Some people like wax however. I mean they really like the looks.
Carnauba wax, even the "clear" type, is not optically clear. So Carnauba wax imparts a "wax glow" to a car. Sort of a warm glow.
Many, many people like that effect.
More power to them.

Acrylic coatings are much harder than paint.
Paint was easy to put swirls in, because it is "soft".
But it didn't chip as much, because it was a bit like rubber. It actually "gave" a bit when struck. Now enamals were mucgh softer than laquers, but you get the idea. Most cars, except show cars, were painted with Enamel.

Acrylics are very hard. But they shatter more easily when struck.
That's how you get a rock chip.
Acrylics , because they are synthetic, are also more easily integrated wiith additives. Like UV blocker.
It was only a few years ago, that the Sun would bake Silver and Red cars, and their paint would fade and "chalk up".
Especially on the large flat areas like the Hood, roof and trunk.
Today you hardly ever see a late 90s car, up to the present, with Sun problems.

And Zaino even includes a UV component in their "polish".

Now, Polishes have changed also.
At least ones like Zaino and Klasse.
They call them "Polishes" because they are not waxes.
But they don't have anything abrasive in them like old time "Polishes" did.
So when you go to buy a "polish", read the label carefully, because there are abrasive polishes and there are non-abrasive polishes out there.

I've been all through this before with my show cars and my street rods. It is facinating stuff. But it goes way beyond what the average guy cares about.


3,257 Posts
Well there are some areas here that I know next to nothing about.

Take the orange peel.

As you said, all the logic in the world says that Orange Peel should be a thing of the past.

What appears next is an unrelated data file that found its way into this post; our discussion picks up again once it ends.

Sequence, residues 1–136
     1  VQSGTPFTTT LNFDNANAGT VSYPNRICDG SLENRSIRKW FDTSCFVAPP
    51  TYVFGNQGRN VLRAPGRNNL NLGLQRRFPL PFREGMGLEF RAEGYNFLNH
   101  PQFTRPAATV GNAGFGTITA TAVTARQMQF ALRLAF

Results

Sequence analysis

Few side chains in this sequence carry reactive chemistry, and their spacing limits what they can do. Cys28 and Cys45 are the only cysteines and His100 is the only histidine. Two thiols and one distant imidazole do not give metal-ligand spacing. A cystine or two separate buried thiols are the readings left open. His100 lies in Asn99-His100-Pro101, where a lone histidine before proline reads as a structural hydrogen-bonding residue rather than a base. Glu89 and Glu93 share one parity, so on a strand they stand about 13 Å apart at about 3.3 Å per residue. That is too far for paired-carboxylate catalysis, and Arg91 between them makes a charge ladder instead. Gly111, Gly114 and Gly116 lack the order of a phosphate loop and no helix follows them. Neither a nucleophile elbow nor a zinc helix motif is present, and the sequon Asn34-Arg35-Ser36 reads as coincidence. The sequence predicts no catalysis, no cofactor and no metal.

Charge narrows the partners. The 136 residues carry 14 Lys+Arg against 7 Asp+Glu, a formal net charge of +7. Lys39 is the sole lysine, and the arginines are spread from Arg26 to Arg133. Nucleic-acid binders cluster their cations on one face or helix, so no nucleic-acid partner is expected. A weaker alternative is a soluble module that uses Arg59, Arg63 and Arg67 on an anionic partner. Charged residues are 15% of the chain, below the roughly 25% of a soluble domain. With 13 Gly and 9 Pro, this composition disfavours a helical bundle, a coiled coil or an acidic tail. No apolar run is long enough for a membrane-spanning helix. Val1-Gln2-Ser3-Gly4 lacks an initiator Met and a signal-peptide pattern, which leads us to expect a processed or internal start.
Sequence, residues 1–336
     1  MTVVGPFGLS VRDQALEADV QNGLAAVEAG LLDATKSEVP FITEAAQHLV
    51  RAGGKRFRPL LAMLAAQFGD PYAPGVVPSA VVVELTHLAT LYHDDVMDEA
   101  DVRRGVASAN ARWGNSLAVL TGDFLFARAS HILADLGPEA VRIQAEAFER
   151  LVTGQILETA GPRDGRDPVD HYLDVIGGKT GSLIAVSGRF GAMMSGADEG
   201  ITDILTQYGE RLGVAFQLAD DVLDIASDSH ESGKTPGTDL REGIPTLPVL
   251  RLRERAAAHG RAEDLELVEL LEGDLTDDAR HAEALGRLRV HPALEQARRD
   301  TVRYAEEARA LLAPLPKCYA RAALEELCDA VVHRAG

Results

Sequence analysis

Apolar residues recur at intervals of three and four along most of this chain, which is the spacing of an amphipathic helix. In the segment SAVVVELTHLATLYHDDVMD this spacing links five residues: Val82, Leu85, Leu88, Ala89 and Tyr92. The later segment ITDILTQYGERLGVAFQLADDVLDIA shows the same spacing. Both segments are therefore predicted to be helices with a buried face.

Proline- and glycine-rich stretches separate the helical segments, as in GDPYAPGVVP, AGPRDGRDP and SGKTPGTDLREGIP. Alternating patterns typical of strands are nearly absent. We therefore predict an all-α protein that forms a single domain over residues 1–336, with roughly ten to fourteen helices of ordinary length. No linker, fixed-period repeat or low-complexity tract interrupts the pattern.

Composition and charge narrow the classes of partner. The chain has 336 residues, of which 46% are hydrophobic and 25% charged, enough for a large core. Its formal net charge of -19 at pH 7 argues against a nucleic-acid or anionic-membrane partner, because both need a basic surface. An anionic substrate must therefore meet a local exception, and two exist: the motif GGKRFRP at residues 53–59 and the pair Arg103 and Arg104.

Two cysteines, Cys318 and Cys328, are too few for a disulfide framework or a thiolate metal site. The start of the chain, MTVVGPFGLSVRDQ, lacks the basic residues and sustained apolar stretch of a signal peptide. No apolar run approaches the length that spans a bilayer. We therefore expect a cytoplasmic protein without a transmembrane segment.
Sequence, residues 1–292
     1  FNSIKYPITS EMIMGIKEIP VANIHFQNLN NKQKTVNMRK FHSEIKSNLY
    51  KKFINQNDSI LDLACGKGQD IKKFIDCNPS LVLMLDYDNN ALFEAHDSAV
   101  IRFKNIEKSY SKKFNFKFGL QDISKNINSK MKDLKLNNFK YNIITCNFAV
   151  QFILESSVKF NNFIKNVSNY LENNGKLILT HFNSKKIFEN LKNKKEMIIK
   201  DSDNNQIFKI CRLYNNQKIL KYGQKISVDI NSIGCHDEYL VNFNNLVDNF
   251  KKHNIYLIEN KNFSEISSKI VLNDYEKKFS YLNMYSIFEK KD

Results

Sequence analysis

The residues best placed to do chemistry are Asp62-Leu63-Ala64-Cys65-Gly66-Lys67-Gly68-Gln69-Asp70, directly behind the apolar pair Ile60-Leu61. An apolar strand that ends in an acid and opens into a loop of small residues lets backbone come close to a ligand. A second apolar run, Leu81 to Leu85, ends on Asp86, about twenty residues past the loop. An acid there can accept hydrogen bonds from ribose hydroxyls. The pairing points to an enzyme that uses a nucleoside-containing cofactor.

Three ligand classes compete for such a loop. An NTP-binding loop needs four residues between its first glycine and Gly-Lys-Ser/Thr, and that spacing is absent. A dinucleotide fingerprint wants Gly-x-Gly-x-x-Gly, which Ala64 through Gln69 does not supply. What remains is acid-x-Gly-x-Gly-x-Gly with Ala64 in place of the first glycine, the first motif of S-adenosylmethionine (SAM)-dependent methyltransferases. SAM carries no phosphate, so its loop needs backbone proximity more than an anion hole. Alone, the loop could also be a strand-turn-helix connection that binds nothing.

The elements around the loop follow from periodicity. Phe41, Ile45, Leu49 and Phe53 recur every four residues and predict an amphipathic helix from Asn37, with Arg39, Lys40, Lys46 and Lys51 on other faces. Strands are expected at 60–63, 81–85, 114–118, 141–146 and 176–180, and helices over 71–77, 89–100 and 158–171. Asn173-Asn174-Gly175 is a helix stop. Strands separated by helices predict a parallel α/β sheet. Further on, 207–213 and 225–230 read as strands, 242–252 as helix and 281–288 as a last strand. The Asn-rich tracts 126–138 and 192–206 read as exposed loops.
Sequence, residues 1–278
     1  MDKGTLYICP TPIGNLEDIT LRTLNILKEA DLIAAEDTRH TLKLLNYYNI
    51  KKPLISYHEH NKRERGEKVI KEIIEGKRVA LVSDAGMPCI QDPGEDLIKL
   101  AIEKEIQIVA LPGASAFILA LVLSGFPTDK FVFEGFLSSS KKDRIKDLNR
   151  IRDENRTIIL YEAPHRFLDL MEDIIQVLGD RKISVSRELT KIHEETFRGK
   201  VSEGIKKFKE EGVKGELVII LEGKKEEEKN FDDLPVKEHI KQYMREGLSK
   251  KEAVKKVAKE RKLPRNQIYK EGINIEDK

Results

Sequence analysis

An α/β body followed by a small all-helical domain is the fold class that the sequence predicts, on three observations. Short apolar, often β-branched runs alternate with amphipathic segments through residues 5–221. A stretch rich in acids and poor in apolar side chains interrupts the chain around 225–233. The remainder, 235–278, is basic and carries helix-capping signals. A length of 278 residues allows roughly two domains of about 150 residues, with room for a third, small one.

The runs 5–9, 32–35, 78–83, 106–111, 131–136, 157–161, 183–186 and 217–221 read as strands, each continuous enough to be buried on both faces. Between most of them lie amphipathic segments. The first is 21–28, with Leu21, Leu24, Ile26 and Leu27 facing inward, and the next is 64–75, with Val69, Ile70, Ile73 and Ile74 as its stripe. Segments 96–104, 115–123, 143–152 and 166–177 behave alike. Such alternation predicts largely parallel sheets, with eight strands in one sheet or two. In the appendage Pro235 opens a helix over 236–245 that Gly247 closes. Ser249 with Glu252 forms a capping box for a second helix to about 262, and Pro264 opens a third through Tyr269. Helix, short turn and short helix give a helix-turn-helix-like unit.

One thing is for sure, after they DO a bad paint job, they are still passing it in QC. And we are still buying it.
MB has been getting hammered in Quality Surveys for some time now.

Datsun/Nissan never did know how to paint a car.
The Murano is the best paint job I have ever bought from Datsun/Nissan. Not that it is a really great job, but it impresses because there is nothing WRONG with it.

Do they still "bake" paint.......
The acrylics have a reagent in them that hastens the curing time but I saw Hot paint booths at the Corvette plant a couple of years ago.
So I would guess that the heat starts the reagent process. But that is just a guess.

Does it take a special process to make a black car....
I have heard various stories about black all my life. I don't buy it.
If they have to do something "different" for a color, that is very definitly in the minority, it would cost money.
If it costs money it would be passed on to the customer.
There are a lot of paint jobs/colors from the factory out there among all the different makes, that command a premium. Black is not one of them.
However, I would guess that the QC is both more critical and easier at the same time.

As to Red and silver.......I don't know.
I know that it is 1000% better that it usta wuz.
But is it where Red and Silver have the same propertys as other colors re: Aging/sun/elements?
I don't know. (But I think so)

Why did the industry move to acrylics?
What a great question.